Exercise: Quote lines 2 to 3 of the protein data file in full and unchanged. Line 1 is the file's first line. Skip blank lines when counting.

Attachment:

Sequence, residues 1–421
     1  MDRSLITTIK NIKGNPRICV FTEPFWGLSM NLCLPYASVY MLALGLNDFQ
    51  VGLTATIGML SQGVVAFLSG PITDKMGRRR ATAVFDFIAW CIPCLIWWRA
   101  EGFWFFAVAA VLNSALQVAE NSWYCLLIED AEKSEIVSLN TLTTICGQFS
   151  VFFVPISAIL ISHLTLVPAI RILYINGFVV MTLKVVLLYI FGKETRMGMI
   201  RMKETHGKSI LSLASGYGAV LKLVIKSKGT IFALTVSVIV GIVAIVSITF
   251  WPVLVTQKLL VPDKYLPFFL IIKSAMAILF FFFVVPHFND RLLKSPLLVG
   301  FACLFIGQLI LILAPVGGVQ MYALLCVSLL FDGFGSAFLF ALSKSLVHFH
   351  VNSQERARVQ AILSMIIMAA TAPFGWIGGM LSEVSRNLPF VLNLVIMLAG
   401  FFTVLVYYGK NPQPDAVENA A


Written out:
     1  MDRSLITTIK NIKGNPRICV FTEPFWGLSM NLCLPYASVY MLALGLNDFQ
    51  VGLTATIGML SQGVVAFLSG PITDKMGRRR ATAVFDFIAW CIPCLIWWRA